Germany’s worst miscarriage of justice? 'Paranoid' husband freed after he was mistakenly held in asylum for seven years

Gustl Mollath was forcibly committed to psychiatric care in 2006 after a court rejected his claims that bank staff, including his wife, were smuggling millions into Swiss accounts

Berlin

The victim of what may prove to be one of Germany’s worst miscarriages of justice on record has been freed from a psychiatric unit where he had been held prisoner for seven years after exposing his wife’s alleged involvement in a major money-laundering scandal at a Bavarian bank.

In a case reminiscent of a crime novel, Gustl Mollath, 56, was forcibly committed to psychiatric care in 2006 after a court rejected his claims that staff at Bavaria’s HypoVereinsbank (HVB), including his wife, were smuggling millions into Swiss accounts. Instead judges ruled that he was paranoid.

Mr Mollath had been held at the psychiatric unit in Bayreuth until this afternoon when a Bavarian high court ordered his immediate release and dropped all charges against him. “He reacted with great joy,” is how Mr Mollath’s lawyer described his client’s response.

The highly controversial case has been referred to as “The Mollath Affair” since Mr Mollath’s trial in 2006 when he faced charges from his own wife, a HVB assets consultant, that he had attacked her and caused her bodily harm. He was also accused of slashing the car tyres of his opponents.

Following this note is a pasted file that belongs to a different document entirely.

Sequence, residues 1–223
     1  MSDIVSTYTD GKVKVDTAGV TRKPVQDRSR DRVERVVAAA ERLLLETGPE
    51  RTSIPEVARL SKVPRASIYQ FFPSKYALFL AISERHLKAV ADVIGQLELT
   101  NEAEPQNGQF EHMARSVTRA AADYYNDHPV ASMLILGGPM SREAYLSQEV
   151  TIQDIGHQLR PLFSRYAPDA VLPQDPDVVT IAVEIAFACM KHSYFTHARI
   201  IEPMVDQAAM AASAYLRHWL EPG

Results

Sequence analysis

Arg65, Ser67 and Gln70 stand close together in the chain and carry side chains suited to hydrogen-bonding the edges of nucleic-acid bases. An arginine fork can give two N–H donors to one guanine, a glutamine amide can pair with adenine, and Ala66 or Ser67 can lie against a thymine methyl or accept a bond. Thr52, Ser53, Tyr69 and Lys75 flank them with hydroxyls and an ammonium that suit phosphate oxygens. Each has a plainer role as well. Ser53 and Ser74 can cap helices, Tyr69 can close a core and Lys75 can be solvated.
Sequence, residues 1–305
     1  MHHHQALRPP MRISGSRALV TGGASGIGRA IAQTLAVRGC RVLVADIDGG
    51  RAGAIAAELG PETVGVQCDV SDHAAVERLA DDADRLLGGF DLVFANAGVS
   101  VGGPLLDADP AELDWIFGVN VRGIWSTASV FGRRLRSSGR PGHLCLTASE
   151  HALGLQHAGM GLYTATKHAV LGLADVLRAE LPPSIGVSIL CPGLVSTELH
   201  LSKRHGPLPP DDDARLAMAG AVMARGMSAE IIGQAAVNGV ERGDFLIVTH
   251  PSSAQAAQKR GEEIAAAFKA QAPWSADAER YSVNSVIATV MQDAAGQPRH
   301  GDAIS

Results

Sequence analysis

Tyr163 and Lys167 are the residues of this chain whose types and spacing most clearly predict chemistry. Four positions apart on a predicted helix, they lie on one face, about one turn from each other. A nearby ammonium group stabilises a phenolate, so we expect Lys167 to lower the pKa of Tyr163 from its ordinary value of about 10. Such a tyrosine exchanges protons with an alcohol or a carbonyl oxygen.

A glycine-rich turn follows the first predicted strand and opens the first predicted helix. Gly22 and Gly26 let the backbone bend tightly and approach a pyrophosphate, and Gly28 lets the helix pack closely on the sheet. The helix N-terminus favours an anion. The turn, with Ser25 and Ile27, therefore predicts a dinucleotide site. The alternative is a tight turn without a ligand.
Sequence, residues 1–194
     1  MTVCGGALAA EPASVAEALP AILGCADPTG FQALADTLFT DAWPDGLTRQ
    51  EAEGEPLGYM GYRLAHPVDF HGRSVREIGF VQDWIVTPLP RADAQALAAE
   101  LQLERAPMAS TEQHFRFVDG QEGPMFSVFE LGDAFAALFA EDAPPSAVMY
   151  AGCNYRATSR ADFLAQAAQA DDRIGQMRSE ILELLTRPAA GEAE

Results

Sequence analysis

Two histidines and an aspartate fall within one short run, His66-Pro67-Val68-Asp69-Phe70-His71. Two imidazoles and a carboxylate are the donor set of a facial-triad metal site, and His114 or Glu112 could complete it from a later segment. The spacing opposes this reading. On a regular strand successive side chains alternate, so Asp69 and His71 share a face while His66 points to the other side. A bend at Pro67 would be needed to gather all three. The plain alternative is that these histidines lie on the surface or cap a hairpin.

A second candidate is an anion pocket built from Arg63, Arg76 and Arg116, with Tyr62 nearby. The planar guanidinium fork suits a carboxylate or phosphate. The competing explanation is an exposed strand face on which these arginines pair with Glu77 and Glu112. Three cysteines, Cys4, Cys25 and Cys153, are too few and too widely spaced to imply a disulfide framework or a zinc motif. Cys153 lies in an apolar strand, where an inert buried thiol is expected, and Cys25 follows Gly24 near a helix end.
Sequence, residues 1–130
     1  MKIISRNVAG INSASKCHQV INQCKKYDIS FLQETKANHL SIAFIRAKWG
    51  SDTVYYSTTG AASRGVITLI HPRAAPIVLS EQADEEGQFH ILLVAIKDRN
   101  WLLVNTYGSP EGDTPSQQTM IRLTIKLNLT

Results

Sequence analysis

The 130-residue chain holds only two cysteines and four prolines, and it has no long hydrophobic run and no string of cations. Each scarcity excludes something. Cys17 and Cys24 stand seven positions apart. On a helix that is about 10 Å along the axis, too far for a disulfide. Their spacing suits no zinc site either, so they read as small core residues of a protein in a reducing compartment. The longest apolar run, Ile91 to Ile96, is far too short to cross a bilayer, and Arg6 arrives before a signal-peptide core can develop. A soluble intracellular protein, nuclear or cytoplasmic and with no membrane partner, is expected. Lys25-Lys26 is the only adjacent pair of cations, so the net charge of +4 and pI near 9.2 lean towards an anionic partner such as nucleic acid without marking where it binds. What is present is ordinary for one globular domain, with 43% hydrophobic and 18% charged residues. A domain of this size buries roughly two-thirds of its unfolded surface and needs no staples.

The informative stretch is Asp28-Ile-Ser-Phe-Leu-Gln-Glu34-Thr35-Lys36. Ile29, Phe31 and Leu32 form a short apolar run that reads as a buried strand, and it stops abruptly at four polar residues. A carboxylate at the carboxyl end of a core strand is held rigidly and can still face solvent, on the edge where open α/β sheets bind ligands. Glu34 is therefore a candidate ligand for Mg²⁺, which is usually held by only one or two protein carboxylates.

Mr Mollath denied the charges, claiming his wife was trying to blacken his name in an attempt to refute the evidence he had against her and her bank colleagues. But the court sided with Mr Mollath’s wife.

In subsequent legal hearings, psychiatrists’ reports claiming that Mr Mollath was suffering from a “paranoid personality disorder” were used by lawyers to refute his claims that the bank had been involved in illegal money laundering.

However, last November fresh evidence surfaced from a 2003 audit conducted at the Munich-based bank which suggested that money laundering and assisted tax evasion had been practised by staff for several years. It emerged that a number of bank employees, including Mr Mollath’s wife, were sacked following the bank’s investigation.

The revelations sparked a renewed wave of public interest in the case. Mr Mollath was inundated with letters and emails from thousands of supporters who argued that he was clearly a victim of a gross and unprecedented miscarriage of justice.

The Bavarian high court’s decision to free Mr Mollath followed doubts expressed by Germany’s Federal Prosecutor about judges’ handling of the case. A regional court in Regensburg recently upheld the ruling that Mr Mollath was paranoid, prompting a protest by dozens of black-robed lawyers.

Mr Mollath’s lawyers are expected to reopen the case to enable him to file for financial compensation. 

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